Caribbean Fish in Colorful Vinegar Shallot Sauce

By • April 19, 2013 • 0 Comments


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Author Notes: PLEASE NOTE THAT PICTURE TO BE UPLOADED SOON!
This is what I call my Haitian-American version of preparing a Haitian dish called "Poisson Gros Sel" which translated word for word means "Fish Coarse Salt." I believe that the original "Poisson Gros Sel" in Haiti is made with whole fish like red snapper, or any other white fish of firm flesh, that is deeply incised, and rubbed with lime juice and/or vinegar and seasoned to taste with "gros sel" (coarse sea or kosher salt), black pepper, and Habanero or Scotch bonnet pepper if desired. The dish is left to marinate overnight or for a couple of hours. Some butter or oil is then heated, onions and bell pepper are fried into the butter/oil, and then the fish along with the marinade is added. Once cooked, the fish and sauce are placed on a nice a serving dish. In another pan, several shallots, the small ones left whole, and the bigger ones cut in two or more (depending on size), are fried in some more butter, and then poured over the fish. It can be served with white rice or boiled green plantains.

The first time I had this dish was at the house of some friends of mine who were hosting a beautiful buffet dinner party. But their dish was made with morsels of halibut or orange roughy covered with a wonderful vinegary sauce topped with several shallots and green/red/yellow bell paper. I asked their cook how she made such a delicious dish; she told me she did not really have a recipe but gave me some brief instructions without necessarily knowing the quantity for each ingredient. Armed with my limited knowledge of how to make this dish, I tried it for the first time and it was surprisingly a success. So here is the recipe. I hope you too enjoy it; I myself, as the true Caribbean/Haitian person that I am, love this dish served with white rice, watercress & avocado salad, and fried ripe/sweet plantains. Enjoy!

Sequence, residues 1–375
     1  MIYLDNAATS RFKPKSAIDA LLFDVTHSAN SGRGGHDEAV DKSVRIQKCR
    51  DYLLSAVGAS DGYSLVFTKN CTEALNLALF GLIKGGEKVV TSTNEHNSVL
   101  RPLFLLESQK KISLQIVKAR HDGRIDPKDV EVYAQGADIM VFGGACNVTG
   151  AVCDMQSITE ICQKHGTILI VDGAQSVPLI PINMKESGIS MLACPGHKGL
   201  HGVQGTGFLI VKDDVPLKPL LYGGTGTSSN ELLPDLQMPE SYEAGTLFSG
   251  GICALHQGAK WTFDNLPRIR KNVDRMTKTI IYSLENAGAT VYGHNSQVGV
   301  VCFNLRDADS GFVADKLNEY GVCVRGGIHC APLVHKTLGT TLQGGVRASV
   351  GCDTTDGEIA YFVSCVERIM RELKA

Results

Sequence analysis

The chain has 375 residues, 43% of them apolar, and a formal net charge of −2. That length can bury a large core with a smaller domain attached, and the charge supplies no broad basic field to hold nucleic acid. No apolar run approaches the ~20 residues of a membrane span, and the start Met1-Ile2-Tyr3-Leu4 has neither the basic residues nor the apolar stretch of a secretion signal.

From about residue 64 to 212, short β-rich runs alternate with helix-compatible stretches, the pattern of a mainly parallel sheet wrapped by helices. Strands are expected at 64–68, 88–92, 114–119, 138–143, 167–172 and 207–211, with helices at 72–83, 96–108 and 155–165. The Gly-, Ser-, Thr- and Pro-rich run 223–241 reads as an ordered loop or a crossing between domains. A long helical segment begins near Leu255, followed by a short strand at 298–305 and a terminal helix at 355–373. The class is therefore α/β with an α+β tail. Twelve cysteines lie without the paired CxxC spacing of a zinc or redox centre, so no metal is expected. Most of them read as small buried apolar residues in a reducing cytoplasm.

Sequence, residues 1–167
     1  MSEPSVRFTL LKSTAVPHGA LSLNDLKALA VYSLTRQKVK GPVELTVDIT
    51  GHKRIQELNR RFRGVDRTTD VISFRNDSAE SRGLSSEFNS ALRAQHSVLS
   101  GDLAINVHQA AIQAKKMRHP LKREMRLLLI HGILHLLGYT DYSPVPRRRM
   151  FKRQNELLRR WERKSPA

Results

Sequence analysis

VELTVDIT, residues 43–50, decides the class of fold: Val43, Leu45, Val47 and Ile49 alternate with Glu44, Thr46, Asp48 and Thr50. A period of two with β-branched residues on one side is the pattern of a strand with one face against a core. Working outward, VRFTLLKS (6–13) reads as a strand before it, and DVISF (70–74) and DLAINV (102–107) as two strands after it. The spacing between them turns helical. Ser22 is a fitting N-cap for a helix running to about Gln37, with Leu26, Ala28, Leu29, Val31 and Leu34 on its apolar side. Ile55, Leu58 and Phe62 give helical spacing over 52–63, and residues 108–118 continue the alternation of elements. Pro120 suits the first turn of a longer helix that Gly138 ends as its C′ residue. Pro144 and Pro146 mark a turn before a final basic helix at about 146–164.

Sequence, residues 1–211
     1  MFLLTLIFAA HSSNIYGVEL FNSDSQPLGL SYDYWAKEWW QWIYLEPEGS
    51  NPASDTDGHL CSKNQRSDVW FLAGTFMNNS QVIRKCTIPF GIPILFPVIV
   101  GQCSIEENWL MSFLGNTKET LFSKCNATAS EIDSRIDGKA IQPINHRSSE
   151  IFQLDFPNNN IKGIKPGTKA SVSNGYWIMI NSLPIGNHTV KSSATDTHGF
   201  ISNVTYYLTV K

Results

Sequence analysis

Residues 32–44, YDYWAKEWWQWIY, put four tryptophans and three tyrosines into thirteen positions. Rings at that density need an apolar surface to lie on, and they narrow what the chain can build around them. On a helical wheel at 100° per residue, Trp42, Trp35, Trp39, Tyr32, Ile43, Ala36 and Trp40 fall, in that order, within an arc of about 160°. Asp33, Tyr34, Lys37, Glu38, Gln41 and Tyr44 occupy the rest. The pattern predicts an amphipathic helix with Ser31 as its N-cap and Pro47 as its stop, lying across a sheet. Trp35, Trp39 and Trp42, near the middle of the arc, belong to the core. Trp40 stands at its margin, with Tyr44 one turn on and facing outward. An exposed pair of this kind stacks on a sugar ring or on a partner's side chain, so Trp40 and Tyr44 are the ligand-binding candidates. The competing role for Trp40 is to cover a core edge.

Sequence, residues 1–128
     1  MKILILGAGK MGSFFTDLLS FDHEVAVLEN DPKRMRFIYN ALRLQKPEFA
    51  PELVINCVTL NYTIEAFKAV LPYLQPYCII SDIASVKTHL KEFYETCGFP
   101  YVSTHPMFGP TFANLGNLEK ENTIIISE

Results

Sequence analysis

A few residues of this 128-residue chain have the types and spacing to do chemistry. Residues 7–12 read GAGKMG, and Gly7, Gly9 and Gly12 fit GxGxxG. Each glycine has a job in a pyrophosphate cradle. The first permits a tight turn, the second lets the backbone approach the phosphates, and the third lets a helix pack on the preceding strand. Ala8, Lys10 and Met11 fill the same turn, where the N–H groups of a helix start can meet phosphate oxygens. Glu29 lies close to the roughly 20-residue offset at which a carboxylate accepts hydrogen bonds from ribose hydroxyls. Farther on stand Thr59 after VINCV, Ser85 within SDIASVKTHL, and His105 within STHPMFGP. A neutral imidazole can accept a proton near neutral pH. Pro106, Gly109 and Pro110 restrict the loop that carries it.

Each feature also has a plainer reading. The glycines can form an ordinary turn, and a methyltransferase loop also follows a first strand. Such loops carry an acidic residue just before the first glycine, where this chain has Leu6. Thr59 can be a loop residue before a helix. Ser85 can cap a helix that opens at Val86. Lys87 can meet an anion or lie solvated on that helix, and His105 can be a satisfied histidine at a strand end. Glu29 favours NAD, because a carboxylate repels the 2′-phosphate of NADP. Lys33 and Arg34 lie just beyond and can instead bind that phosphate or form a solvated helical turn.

Regine

Serves 6 to 8

  • 1/2 cup white onion, finely diced
  • 3 medium garlic clove, finely minced
  • 20 small shallots or 10 large shallots
  • 4 Bell Peppers (a combination of 2 to 3 colors, red, green, yellow...), sliced into rings
  • 2 tablespoons Unsalted butter or Ghee
  • Coarse Sea Salt (or Kosher Salt) and Black Pepper to taste
  • Optional 1/8-1/4 teaspoons Habanero or Scotch Bonnet pepper, finely chopped (with seeds or no seeds)
  • 3 pounds skinless/boneless Halibut, Orange Roughy or another firm white fish
  • 1/2 cup white vinegar
  • 1/2 cup vegetable or olive oil
  1. Using electrical blender, blend onion in white vinegar, then add the minced garlic, salt and pepper to taste, and, optional, the Habanero/Scotch Bonnet. Taste and adjust seasoning. You want the marinade to be well seasoned with enough salt since you will not put any on the fish itself. Pour over the fish, and bake at 350F for 10-20 minutes or until fish flakes. I like to use a sprayed 9x13 pyrex.
  2. While fish is being baked, heat the oil, and cook the shallots* for about 5 minutes, then add the bell peppers and cook for another 5 minutes. *If shallots are small (which I prefer), leave whole (peeled of course and with the ends cut a bit); if large, cut in 2 or more depending on size.
  3. When fish is ready, pour all the sauce from the fish into shallot mixture. Bring to a boil, then add the butter and stir. Pour sauce back onto fish and serve.
  4. I recommend a large white plate at least 2 inch deep in which to showcase the fish topped with the shallots and bell peppers. Also note that as the fish cooks and you place on serving plate, it will separate into various morsels with or without help. I prefer it this way rather than attempting to serve the fish/fillets whole.

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